I found
on the ground
a little blue egg.

On the egg
I found
a hole.

There is no bird
in the little blue egg.

I wonder
it’s gone.


In my favorite Calvin and Hobbes, Calvin digs a hole. He finds rocks, a root, and some grubs, announcing with delight, “There’s treasure everywhere!” I love that he thinks of these things as treasures, in part because I do too. These are exactly the kinds of treasures I look for when I go for walks. And every time I go out and look for them, I find them because Calvin’s right–there’s treasure everywhere.

When I was in Boyds Mill, PA for the Highlights Foundation workshop last week, I found this egg outside the door of my cabin.

I’ve broken some poetry “rules” with this poem. I’ve set up a bit of a pattern in the first two stanzas, but I don’t follow the pattern throughout. Also, though it’s a poem for young readers and has a strong meter, it doesn’t rhyme. I tried many drafts of this poem, following the usual rules, but I kept coming back to this version, which seems to sing the right song for this slightly sad and mysterious egg.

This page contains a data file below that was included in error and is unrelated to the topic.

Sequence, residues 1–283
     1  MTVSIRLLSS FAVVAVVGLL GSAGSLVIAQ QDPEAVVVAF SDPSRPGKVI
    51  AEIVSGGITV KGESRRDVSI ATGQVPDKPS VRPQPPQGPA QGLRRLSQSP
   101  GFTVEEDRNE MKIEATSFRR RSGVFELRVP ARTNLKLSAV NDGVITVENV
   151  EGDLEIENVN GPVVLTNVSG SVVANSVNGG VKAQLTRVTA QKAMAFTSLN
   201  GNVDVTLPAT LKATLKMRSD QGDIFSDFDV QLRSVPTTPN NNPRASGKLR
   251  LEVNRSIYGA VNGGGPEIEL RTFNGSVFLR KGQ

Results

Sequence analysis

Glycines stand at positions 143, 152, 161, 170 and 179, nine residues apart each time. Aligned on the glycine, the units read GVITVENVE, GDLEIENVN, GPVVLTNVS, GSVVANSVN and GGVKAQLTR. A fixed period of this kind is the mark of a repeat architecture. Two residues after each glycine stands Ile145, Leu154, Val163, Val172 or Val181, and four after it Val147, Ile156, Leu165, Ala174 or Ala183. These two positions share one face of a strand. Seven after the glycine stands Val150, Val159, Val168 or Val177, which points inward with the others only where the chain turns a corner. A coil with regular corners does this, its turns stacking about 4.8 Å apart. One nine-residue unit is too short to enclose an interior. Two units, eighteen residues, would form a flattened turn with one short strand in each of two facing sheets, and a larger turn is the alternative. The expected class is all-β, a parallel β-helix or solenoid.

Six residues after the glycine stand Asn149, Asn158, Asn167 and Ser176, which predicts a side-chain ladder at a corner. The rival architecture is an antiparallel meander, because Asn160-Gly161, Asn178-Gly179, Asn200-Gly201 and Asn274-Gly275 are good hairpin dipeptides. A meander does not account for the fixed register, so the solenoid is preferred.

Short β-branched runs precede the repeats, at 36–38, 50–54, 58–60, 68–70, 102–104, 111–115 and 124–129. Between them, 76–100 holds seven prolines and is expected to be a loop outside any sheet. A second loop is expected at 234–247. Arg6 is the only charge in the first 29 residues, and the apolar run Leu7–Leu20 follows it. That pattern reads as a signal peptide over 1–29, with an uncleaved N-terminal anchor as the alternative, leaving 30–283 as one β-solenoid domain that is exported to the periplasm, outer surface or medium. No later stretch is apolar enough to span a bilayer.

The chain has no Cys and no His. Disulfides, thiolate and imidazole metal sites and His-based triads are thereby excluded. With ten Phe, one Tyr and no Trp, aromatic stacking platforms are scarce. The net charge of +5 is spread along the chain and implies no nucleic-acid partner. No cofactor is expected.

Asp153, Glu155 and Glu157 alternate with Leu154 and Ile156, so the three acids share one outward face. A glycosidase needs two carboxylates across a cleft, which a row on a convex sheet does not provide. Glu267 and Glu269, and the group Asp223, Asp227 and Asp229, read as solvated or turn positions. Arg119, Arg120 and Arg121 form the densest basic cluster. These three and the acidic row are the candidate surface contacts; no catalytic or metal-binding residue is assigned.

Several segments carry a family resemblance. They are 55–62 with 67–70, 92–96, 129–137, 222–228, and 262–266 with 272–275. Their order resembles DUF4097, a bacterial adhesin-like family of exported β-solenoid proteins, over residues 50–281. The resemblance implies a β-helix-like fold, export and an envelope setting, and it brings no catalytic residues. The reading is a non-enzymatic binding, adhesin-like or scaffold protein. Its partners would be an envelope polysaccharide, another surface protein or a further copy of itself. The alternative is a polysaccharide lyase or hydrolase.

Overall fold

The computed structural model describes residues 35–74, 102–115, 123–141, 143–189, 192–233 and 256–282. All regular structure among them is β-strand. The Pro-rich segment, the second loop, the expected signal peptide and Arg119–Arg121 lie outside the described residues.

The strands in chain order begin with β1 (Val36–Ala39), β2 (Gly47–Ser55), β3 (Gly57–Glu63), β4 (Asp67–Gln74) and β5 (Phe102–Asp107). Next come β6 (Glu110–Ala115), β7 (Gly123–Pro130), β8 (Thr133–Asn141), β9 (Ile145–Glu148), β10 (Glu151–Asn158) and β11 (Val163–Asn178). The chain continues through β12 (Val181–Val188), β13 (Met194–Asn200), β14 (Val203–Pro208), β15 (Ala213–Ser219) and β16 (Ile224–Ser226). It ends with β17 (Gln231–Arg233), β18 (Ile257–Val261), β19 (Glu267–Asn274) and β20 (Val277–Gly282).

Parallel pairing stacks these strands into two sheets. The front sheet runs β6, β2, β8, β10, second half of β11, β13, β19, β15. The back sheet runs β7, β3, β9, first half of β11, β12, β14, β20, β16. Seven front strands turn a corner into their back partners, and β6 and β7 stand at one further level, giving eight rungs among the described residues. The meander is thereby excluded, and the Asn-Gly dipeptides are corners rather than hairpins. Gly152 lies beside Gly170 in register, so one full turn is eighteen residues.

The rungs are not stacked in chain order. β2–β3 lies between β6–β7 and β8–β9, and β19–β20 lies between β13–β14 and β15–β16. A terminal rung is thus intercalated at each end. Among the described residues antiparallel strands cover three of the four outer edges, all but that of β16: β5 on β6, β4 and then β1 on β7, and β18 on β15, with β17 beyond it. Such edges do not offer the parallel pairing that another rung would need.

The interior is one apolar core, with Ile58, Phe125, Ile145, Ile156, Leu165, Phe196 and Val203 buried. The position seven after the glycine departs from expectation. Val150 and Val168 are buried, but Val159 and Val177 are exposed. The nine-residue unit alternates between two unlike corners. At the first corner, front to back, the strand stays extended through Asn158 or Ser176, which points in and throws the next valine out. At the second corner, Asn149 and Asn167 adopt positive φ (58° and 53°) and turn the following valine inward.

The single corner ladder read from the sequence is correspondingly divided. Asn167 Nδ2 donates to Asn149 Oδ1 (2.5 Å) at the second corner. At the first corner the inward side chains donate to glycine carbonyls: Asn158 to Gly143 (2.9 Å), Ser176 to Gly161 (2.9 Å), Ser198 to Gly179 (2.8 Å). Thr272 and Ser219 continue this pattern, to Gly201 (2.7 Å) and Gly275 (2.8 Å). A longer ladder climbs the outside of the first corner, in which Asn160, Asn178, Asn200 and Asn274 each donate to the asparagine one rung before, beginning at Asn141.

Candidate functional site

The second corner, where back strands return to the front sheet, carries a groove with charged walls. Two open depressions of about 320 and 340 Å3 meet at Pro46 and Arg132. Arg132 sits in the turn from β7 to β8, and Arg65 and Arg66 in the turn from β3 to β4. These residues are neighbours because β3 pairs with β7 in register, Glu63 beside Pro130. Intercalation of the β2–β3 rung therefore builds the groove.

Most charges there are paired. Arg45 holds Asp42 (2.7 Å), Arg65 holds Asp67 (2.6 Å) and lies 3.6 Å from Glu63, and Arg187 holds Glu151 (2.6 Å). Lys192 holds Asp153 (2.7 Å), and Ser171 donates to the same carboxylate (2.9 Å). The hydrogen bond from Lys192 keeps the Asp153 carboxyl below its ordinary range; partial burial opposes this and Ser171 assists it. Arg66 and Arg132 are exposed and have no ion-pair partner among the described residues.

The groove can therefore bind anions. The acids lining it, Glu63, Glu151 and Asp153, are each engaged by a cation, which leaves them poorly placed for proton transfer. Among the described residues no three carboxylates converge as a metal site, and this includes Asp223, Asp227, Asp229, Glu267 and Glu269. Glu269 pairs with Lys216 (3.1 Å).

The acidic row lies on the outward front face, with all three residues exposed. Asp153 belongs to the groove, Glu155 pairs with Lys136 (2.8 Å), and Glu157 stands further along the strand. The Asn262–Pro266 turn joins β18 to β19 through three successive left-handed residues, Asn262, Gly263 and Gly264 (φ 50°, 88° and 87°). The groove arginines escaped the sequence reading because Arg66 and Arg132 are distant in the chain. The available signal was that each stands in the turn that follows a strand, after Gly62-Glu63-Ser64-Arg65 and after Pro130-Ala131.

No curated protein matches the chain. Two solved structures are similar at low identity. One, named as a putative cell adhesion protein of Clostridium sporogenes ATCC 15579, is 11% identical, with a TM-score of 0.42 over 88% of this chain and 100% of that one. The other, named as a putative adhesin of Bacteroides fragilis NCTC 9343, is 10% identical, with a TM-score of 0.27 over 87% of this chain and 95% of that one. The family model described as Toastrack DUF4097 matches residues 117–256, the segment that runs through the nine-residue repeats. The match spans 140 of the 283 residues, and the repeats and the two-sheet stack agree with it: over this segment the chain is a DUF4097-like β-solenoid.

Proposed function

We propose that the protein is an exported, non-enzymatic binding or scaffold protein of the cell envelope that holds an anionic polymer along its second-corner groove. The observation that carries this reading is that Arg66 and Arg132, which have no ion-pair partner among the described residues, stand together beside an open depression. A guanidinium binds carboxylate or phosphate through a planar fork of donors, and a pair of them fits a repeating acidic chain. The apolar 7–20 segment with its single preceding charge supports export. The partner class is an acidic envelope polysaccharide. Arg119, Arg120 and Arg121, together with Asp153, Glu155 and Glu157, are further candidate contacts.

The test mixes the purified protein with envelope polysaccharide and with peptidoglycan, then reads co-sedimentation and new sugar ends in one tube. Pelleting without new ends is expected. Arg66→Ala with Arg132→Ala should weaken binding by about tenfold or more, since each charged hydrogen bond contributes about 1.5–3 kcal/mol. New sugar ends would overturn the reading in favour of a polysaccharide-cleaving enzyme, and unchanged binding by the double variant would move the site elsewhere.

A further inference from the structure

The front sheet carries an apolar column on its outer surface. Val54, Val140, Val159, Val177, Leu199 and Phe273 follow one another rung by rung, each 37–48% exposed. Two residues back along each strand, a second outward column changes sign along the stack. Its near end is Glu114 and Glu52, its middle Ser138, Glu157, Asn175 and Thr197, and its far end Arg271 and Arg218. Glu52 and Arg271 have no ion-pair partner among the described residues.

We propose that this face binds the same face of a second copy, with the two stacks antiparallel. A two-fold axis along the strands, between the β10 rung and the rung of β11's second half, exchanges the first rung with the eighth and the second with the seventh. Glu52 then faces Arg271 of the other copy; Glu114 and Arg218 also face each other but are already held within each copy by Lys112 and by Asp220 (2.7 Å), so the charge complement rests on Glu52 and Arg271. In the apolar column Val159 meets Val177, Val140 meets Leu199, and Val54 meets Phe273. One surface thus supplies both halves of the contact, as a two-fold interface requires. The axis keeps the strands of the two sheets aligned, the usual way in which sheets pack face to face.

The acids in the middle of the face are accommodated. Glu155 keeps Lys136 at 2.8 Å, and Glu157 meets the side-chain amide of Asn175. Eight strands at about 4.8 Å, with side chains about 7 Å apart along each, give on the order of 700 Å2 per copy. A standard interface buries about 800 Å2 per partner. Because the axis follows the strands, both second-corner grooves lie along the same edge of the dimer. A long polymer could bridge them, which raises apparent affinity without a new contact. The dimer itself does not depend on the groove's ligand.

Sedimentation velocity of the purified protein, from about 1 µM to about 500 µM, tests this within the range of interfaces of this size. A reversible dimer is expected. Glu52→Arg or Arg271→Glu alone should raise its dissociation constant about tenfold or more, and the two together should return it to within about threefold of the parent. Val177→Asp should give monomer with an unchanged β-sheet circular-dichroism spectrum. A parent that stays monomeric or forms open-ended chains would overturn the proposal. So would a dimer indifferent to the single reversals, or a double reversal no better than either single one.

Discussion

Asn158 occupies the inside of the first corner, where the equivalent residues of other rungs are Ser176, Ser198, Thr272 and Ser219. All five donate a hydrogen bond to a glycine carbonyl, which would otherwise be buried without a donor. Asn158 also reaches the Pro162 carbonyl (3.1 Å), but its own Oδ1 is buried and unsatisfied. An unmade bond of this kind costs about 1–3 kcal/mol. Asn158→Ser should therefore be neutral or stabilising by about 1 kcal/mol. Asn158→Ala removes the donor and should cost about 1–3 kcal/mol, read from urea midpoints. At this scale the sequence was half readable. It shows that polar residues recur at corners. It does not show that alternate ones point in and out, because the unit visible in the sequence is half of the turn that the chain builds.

What treasures are outside your door?

For more Poetry Friday visit Betsy at Teaching Young Writers.

(c) Elizabeth Steinglass, 2013, all rights reserved










This week I was lucky enough to sneak away for a few days of eating, sleeping, and breathing poetry at The Poet’s Poetry Workshop at the Highlights Foundation. What a treat to leave the usual chores and responsibilities behind and just focus on poetry. Our instructor Rebecca Kai Dotlich shared her wisdom and her library, guided us through many creative exercises, and facilitated endless critique sessions. My fellow students brought a huge range of experiences and talents to the table, but we all shared a passion for poetry, a desire to improve, and a genuine interest in supporting one another. Rebecca Davis, the editor-at-large for WordSong visited, and we even snuck in a skype session with Lee Bennett Hopkins, who advised us to write from the gut and from the heart. Today I am feeling grateful, exhausted, and full.

I got really fabulous answers to last week’s questions (and I will provide some kind of summary when I get a chance) so I’d like to ask another question this week:

Where do you go—what workshops, retreats, conferences, etc.—when you want to get away, get inspired, and focus on the craft of writing poetry?

Thanks for taking the time to answer.

For more Poetry Friday and other delectable treats visit Jama Rattigan.











pay dirt—
under the roses